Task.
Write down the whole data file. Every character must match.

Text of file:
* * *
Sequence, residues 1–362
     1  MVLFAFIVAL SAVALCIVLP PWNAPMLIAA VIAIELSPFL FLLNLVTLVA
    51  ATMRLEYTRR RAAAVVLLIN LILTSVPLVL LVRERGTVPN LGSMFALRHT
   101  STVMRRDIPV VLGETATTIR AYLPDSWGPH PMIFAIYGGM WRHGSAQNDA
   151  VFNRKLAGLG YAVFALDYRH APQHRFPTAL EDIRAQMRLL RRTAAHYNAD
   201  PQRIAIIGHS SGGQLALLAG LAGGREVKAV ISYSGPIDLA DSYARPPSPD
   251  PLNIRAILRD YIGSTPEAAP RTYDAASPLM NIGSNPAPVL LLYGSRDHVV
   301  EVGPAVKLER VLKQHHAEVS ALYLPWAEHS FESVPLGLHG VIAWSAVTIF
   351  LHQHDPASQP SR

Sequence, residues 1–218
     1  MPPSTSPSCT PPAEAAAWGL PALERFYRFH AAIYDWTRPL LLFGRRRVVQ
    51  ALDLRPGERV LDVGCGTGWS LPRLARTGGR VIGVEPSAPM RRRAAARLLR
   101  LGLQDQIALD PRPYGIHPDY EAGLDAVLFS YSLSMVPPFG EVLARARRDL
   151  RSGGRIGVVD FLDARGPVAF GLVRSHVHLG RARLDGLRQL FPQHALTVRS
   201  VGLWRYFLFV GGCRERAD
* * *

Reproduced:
Sequence, residues 1–362
     1  MVLFAFIVAL SAVALCIVLP PWNAPMLIAA VIAIELSPFL FLLNLVTLVA
    51  ATMRLEYTRR RAAAVVLLIN LILTSVPLVL LVRERGTVPN LGSMFALRHT
   101  STVMRRDIPV VLGETATTIR AYLPDSWGPH PMIFAIYGGM WRHGSAQNDA
   151  VFNRKLAGLG YAVFALDYRH APQHRFPTAL EDIRAQMRLL RRTAAHYNAD
   201  PQRIAIIGHS SGGQLALLAG LAGGREVKAV ISYSGPIDLA DSYARPPSPD
   251  PLNIRAILRD YIGSTPEAAP RTYDAASPLM NIGSNPAPVL LLYGSRDHVV
   301  EVGPAVKLER VLKQHHAEVS ALYLPWAEHS FESVPLGLHG VIAWSAVTIF
   351  LHQHDPASQP SR

Sequence, residues 1–218
     1  MPPSTSPSCT PPAEAAAWGL PALERFYRFH AAIYDWTRPL LLFGRRRVVQ
    51  ALDLRPGERV LDVGCGTGWS LPRLARTGGR VIGVEPSAPM RRRAAARLLR
   101  LGLQDQIALD PRPYGIHPDY EAGLDAVLFS YSLSMVPPFG EVLARARRDL
   151  RSGGRIGVVD FLDARGPVAF GLVRSHVHLG RARLDGLRQL FPQHALTVRS
   201  VGLWRYFLFV GGCRERAD